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Danger Ahead!
Danger Ahead! Comment
The Paddington Tragedy!    
5 October 1999         

Driver's eye view of signal sn109
Smoke and Mirrors

Comment on the first days of the Ladbroke Grove Inquiry
by Ray State

"sensational" details of the events produce fuzzy images, reflections and shadows

Hidden Dangers
Hidden Dangers
by Stanley Hall

this book

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Comment on the Paddington Disaster

The Public Inquiry into the accident at Ladbroke Grove opened on the 10th May. Already the press is reporting selective details and statements which produce a shadow play of facts and circumstances and lead the public into believing the causes are obvious and simple.

News and reports from the inquiry

The justified call of the bereaved relatives for prosecution of rail managers and the criticism of the Crown Prosecution Service for declaring that it will not seek a prosecution, diverts attention from where the blame really lies in this emotive issue.

The CPS is quite correct to point out that with the state of the law on manslaughter, a "directing mind" in any of the companies involved would be difficult to find. Without this, a prosecution would be bound to fail, increasing the distress of the injured and bereaved alike.

What the CPS did say was that it supported a review of the law to permit criminal prosecution of organisations responsible for gross negligence without the "directing mind" test.

As usual, this went largely unreported.

The current Government has repeatedly promised such a review – a process supported and campaigned for by the editorials in this web site for more than a year.

Until the Government progresses this issue with vigour the CPS has no option but to decline to pursue unwinable cases on the ground of cost and distress to those involved.

In the meantime the other "sensational" details of the events produce fuzzy images, reflections and shadows.

Claims that the rail industry is running an unsafe railway are reported in detail. This is clearly incorrect and the claim is not supported by any facts or statistics. What is fact is that the industry is more heavily dependent on disparate groups all doing their jobs according to the common rules and when one or more of these departs from the correct path the results are instant and terrible. What the industry is bad at is identifying where the processes are becoming sloppy. Near Misses are recorded only as far as they relate to reportable events and large swathes of "incidents" are ignored or quietly set aside. Individually none are serious but when they work collectively the result is Southall or Ladbroke Grove.

We are told that the driver of the Thames Train had been charged with assault and that had this been known he would not have been employed. The inference is that this made him unfit to drive a train. It was also stated that the testing of his route knowledge was less than adequate. Again the inference is that this was a major issue in the cause of the accident. The fallacy of this argument is brought home to me in the last week.

As a passenger in a car being taken to a mainline station to meet important American visitors the driver unconsciously attempted to run a red traffic light. This was done despite the person having driven across that particular junction every day for 30 years.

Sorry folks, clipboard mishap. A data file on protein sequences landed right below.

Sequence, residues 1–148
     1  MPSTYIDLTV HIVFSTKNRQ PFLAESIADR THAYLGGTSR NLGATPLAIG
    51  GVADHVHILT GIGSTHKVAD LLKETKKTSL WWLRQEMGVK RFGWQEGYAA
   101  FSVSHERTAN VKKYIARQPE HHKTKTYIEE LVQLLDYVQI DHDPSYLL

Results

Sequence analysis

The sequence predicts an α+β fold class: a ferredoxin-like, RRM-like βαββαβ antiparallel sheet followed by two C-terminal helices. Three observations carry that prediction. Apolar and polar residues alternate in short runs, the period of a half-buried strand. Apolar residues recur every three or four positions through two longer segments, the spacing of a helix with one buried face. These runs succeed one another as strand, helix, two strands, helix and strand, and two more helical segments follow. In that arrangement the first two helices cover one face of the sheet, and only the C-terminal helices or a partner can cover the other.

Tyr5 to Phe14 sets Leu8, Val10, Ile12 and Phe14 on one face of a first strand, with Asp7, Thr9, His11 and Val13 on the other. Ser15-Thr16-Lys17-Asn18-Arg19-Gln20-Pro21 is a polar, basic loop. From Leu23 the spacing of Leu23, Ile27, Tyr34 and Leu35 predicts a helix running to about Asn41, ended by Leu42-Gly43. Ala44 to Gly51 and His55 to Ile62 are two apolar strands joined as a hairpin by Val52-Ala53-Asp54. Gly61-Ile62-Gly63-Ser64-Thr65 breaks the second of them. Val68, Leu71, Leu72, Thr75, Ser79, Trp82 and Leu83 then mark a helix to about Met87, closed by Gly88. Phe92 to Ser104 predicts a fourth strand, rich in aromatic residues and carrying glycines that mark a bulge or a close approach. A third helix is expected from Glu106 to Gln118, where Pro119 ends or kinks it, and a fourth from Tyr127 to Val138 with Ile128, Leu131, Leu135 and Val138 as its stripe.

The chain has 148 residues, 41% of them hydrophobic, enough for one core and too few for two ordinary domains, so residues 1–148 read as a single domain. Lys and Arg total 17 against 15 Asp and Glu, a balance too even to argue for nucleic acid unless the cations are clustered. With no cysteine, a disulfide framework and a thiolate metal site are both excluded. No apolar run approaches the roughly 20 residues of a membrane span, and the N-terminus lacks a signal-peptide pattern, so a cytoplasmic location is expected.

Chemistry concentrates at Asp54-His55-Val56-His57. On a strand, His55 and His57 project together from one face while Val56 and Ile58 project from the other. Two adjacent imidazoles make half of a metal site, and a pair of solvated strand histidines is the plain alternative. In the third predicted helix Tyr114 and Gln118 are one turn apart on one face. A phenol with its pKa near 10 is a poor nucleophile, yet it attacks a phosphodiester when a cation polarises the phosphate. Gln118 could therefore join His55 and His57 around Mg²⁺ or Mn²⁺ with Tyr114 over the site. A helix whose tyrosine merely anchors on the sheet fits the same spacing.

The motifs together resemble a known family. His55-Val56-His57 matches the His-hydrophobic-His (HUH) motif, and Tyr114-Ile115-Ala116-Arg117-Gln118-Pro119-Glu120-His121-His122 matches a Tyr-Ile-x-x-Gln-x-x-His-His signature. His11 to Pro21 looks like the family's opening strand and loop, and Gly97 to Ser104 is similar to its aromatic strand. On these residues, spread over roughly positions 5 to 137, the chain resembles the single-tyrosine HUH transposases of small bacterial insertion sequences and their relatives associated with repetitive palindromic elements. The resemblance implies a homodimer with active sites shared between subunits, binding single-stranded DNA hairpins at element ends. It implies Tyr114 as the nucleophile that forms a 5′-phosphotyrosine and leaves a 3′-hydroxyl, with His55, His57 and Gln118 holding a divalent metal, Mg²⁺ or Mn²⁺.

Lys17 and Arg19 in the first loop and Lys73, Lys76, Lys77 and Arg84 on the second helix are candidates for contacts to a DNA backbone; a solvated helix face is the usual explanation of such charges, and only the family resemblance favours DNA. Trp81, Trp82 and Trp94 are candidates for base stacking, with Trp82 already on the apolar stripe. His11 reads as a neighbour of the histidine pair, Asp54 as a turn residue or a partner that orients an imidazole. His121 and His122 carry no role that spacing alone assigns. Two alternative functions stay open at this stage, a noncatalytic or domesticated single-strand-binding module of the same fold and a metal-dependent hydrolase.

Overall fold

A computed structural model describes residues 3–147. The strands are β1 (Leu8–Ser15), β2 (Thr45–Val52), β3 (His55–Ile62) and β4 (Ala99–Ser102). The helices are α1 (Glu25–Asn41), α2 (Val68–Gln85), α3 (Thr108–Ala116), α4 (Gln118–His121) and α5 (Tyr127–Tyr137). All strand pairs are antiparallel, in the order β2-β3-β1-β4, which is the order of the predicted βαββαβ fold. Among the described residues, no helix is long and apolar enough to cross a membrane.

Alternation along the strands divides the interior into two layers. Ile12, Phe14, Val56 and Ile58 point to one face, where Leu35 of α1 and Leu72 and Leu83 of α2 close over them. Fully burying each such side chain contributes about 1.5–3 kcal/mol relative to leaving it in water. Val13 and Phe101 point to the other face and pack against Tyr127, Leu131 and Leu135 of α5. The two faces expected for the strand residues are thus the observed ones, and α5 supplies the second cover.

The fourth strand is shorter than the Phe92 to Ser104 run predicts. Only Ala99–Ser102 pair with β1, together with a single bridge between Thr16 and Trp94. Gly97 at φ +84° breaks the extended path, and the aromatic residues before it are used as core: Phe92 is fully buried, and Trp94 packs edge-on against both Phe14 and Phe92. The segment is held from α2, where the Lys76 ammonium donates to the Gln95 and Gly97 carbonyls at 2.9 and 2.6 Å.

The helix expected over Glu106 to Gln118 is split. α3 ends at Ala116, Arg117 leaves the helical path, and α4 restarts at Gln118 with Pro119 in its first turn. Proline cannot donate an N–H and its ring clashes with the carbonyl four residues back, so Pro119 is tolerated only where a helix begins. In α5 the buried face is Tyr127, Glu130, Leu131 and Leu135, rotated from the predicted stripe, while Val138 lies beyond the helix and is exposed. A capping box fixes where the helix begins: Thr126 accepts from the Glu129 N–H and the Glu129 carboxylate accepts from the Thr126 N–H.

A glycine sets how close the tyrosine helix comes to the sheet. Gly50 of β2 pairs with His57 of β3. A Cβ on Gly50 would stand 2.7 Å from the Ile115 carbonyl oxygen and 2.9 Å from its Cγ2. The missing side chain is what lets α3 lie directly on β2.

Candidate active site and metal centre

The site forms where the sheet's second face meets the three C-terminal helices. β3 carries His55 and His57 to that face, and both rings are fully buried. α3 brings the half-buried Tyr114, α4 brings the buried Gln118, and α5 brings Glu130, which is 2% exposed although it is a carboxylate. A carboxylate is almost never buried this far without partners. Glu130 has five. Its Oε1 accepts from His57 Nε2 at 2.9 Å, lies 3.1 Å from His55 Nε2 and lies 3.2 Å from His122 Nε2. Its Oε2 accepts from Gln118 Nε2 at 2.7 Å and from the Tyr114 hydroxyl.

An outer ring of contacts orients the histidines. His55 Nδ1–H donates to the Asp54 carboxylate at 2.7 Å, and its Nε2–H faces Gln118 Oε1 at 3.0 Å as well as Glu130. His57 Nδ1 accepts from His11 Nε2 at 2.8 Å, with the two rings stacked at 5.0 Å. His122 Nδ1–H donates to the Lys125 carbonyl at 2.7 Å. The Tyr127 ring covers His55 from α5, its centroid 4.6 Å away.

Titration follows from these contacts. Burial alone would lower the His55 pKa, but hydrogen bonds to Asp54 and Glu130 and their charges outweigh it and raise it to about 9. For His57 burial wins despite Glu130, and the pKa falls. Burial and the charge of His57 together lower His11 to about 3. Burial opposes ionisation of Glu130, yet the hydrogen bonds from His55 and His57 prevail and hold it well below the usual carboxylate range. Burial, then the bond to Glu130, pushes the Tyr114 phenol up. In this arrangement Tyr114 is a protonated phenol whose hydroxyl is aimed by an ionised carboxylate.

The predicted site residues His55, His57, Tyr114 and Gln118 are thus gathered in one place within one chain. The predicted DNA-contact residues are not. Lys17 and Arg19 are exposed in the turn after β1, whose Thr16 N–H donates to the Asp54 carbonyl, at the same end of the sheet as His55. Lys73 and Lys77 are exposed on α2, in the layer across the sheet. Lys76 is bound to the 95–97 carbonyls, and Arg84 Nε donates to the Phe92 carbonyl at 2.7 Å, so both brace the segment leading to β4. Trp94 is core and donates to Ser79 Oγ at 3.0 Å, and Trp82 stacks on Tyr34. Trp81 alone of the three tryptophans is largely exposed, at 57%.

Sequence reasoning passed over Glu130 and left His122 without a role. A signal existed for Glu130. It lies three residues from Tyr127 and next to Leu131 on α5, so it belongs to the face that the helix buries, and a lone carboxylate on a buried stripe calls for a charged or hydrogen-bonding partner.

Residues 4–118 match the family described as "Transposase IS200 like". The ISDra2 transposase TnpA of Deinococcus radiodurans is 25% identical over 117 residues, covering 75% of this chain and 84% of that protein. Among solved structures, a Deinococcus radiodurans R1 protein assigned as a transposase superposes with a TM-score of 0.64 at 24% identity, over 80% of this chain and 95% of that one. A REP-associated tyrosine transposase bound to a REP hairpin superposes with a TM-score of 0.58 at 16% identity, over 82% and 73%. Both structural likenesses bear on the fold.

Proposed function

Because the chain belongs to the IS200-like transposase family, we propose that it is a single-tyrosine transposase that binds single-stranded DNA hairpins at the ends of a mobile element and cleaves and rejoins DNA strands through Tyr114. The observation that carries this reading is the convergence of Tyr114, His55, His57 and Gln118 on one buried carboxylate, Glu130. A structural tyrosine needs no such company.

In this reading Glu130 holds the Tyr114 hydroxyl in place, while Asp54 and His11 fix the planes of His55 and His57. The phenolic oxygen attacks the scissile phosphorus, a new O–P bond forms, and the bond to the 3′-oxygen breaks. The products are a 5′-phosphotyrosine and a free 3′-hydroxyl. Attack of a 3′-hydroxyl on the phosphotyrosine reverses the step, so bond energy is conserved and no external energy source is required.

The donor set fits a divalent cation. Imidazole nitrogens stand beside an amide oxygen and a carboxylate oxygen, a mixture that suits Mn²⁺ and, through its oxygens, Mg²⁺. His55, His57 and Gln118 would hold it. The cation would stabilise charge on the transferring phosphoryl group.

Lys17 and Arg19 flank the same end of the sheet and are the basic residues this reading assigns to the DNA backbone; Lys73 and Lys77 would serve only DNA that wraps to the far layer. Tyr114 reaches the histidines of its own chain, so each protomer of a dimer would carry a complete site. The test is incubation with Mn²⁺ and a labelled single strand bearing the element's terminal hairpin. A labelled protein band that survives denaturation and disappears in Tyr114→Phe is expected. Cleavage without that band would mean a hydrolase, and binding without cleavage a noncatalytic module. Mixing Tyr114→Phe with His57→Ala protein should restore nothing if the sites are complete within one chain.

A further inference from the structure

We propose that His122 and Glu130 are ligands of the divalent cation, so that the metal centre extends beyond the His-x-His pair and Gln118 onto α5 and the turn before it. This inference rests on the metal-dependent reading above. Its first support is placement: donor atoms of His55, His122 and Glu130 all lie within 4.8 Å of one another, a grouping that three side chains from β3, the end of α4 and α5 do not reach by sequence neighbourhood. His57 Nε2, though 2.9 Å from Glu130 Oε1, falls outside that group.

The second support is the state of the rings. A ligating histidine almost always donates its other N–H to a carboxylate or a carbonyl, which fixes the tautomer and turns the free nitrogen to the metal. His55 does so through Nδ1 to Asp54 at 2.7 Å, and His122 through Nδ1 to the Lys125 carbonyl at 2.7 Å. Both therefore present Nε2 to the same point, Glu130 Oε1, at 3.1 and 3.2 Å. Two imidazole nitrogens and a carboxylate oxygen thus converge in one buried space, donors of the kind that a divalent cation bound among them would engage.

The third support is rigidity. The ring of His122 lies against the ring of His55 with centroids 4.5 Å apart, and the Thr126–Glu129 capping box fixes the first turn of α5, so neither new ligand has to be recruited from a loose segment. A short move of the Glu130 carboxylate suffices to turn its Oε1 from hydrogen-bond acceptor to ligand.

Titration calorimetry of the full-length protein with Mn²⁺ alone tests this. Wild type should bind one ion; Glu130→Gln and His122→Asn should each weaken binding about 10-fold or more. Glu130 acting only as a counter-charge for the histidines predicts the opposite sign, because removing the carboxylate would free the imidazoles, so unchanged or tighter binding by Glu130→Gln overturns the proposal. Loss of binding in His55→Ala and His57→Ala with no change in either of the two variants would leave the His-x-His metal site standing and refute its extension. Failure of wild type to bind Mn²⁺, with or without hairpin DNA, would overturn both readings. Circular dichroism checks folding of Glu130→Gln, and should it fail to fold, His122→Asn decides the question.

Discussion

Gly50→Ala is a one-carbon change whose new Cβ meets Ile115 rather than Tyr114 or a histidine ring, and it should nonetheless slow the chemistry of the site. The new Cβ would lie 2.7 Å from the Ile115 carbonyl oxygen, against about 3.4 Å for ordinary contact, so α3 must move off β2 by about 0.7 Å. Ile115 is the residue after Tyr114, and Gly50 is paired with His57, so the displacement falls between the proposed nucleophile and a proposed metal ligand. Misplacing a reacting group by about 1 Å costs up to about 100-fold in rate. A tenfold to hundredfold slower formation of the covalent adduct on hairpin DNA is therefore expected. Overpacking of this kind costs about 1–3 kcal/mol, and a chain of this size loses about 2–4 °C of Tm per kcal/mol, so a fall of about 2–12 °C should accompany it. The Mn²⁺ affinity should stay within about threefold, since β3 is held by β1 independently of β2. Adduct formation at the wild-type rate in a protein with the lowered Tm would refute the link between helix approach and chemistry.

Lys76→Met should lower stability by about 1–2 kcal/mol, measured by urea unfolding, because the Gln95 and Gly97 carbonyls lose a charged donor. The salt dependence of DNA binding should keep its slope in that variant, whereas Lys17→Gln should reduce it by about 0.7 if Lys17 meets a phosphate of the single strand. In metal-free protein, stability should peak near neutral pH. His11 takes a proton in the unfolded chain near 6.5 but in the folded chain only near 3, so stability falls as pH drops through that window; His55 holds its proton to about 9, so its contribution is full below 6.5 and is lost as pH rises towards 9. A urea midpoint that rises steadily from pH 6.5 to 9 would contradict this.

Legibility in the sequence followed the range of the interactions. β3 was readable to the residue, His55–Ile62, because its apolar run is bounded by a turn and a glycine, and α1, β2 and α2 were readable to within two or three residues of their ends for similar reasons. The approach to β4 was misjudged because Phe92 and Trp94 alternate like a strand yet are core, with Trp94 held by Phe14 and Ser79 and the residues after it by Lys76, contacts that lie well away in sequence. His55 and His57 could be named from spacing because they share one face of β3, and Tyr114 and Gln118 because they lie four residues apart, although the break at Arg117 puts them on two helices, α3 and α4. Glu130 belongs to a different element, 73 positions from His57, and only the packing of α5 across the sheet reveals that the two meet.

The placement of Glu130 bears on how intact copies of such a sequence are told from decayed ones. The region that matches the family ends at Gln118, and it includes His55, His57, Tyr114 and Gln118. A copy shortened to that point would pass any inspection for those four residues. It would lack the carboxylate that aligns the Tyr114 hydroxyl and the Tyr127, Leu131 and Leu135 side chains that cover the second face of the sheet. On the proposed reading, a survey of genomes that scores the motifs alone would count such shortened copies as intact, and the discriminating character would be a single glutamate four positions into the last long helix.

The facts were simple. We were late and the driver's attention was focused on the station portico 200 yards further on not on the immediate signal. The fact that I am able to recount this story is down to:

  • my presence in the car and alertness to the traffic signal
  • low speed
  • somewhere to run to clear of conflicting traffic

At Ladbroke Grove none of these fallback safeguards were available to the driver of the Thames Trains driver. Criticism of the lack of route knowledge training must be tempered with caution.

Time and time again researchers can document rail accidents in which the lack of alertness on the part of drivers, when matched by infrastructure which is not tolerant to mistakes, produces serious accidents.

When these lapses coincide with junctions the accident is of the most destructive – the head-on.

Stan Hall in his book Hidden Dangers (pp16-17) graphically illustrates the dangers in weak infrastructure in magnifying the destruction as a result of the Belgrove accident of 6th March 1989 but others include:

  • Nottingham, Lenton South Junction 16th Dec 1971 - 2 killed
  • Paisley16th Apr 1979 - 7 killed and 67 injured
  • Immingham 1982Immingham Humber Road Junction 30th Jul 1982
  • Newton 21st Jul 1991 - 4 killed and 30 injured
  • Watford 8th Aug 1996 - 1 killed and 69 injured

What the public needs to focus on in the Ladbroke Grove tragedy is the fact that an outward bound train on the track it was on and over running signal SN109 had nowhere to go other than into the path of a train coming the other way. This could have only one result – that of a head on collision of the most destructive type.

There is no other fact greater than this and the "sensational" findings associated with the driver, ATP and the like must be treated for what its is – Smoke and Mirrors.

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This file last updated: Monday, 15-May-2000 17:09:33 EDT
Copyright © David Fry 1999, 2000